However, the new year, 1954, would unfortunately bring dissension, departures and change for Orquesta America. A disagreement between administrator Ninon Mondejar and musical director Enrique Jorrin emerged as they differed as to whom should receive credit for the creation and introduction of the cha cha cha. A purely academic and inconsequential difference of opinion was allowed to escalate into a profound disagreement between the two. The facts indicate that Jorrin was the creator of the new and contagious rhythm, but Mondejar maintained that his orchestra was the purveyor of the rhythm so he must also receive credit--something that Jorrin totally rejected. The internal feud continued without either side yielding an inch. Finally, Jorrin left around August of 1954 forming his own group with Orquesta Almendra's master flutist Miguel O'Farrill, singer Yeyo Estrada and others and departed for Mexico with a contract to record for the legendary A&R man Mariano Rivera Conde (musical mentor of Beny More, Perez Prado and Mariano Merceron) in Mexico City.
Upon Jorrin's departure, Mondejar recruited violininst Ignacio Berroa and gave Jorrin's spot as musical director to violinist/songwriter Felix Reyna. It should be noted that since 1953 Orquesta America had been conducting brief musical tours to Mexico City, appearing there in nightclubs, theaters and on television, mainly on the internationally famous network TV station XEW. After a few of these memorable and profitable tours, both Mondejar and Jorrin seemed to greatly enjoy performing on Mexican stages. The idea of relocating there on a protracted or more permanent basis entered their minds. I think that because of Jorrin's departure to Mexico, Mondejar felt compelled to follow suit and eventually did in November of 1954. He left behind not only legions of disappointed fans, but a void on the "Cuban musical throne" which several contenders scrambled to occupy. A front-running contender was Rafael Lay's Orquesta Aragon de Cienfuegos, RCA Victor recording artists, which at the time of Orquesta America's departure for Mexico had ten recorded hit singles. Their latest one, "Pare Cochero" and flip side "Baila Vicente," had been being played relentlessly on radio stations and jukeboxes throughout the island since its release in midsummer.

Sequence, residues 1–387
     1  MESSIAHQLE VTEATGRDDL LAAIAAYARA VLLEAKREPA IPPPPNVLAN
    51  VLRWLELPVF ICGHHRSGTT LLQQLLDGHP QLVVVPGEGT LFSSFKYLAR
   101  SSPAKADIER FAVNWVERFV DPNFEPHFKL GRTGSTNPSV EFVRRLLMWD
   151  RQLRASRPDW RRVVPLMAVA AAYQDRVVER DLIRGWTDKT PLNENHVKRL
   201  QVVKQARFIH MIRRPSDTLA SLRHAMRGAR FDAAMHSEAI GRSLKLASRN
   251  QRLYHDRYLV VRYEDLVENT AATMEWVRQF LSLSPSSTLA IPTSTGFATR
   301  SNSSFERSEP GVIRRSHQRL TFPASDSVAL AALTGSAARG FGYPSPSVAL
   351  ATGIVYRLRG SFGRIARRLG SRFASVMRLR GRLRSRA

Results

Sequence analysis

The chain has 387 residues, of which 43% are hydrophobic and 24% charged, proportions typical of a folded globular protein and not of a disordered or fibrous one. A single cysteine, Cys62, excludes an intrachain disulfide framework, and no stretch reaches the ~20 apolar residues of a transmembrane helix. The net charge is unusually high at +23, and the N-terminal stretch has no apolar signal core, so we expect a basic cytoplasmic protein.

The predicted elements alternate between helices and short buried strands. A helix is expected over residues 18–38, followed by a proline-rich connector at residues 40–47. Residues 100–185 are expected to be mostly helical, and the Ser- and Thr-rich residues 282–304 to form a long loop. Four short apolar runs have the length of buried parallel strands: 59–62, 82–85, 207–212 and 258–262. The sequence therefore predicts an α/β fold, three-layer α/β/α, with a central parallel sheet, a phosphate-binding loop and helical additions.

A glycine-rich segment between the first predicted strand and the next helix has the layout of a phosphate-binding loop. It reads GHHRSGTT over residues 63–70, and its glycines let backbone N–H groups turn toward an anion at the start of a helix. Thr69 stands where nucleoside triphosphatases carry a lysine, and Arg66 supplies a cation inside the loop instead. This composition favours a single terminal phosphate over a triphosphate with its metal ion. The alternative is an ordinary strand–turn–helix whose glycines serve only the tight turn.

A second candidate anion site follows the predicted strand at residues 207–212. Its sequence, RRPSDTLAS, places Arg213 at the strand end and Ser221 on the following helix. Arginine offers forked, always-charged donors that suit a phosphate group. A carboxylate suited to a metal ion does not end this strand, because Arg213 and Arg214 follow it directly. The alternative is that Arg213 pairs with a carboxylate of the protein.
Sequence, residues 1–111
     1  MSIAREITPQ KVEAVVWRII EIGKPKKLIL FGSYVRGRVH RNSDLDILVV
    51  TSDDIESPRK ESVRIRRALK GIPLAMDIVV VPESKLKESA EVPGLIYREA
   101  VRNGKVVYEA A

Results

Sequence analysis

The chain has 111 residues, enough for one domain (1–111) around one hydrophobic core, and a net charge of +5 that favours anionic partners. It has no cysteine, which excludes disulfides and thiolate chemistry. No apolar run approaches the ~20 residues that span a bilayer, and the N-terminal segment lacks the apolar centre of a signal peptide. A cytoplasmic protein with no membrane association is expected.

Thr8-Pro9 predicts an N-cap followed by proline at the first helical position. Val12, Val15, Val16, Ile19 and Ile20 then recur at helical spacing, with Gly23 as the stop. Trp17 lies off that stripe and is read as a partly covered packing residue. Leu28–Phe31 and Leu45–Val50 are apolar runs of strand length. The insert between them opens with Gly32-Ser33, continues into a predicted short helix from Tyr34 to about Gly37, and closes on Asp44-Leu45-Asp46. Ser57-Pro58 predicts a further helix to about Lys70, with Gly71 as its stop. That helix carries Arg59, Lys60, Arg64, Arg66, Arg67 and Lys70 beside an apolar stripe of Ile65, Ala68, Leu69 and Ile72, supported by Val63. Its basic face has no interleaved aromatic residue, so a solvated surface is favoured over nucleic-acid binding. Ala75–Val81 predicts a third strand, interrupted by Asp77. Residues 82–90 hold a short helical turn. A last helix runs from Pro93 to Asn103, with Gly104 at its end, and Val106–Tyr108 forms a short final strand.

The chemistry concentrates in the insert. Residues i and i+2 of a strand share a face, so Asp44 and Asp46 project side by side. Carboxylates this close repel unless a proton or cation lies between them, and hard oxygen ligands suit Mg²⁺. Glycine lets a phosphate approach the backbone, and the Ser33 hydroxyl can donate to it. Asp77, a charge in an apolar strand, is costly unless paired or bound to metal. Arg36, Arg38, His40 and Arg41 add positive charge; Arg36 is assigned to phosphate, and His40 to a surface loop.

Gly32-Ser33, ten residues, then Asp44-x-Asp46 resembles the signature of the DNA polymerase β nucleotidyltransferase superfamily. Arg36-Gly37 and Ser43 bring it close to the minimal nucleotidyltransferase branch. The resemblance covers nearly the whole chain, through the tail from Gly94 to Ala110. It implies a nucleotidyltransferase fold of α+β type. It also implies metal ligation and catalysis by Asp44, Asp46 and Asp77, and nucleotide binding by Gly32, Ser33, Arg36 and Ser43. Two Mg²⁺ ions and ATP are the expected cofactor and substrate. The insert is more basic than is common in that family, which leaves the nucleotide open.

However, for legions of saddened Orquesta America fans, help was on the way from Mexico City as news of a split in the ranks of Orquesta America in Mexico reached Havana in December of 1954. It was learned that several members were returning to Cuba for the holidays and staying to form a new musical group! Finally, in January of 1955 a group of Orquesta America's musicians and percussionists led by flutist Juanito Ramos returned to Havana. The group included violinists Antonio Sanchez and Ignacio Berroa, bass player/singer Manuel Montejo "Camaguey," conga player Julio Salas and güiro player Gustavo Tamayo. In Havana, the new group teamed with veteran Orquesta Hermanos Castro member Arsenio Rodriguez and Cabaret Sans Souci pianist Ruben Gonzalez (now of Buena Vista Social Club fame) and formed a new group which Ramos named Orquesta America del 55.
The departure of 50% of Orquesta America's personnel left Ninon Mondejar without much of a musical group to lead. He immediately traveled to Cuba for replacements and came back with none other than competitor Orquesta Aragon's flutist Rolando Lozano, a notable Arcaño disciple. Rolando Lozano also brought his brother Clemente with him and a beautiful and unprecedented flute duet era started for Orquesta America--a move by Mondejar both praised and criticized by critics, experts and fans. Mondejar also brought conga player Julian Cabrera from Havana to replace the departed Orquesta America founding member Julio Salas.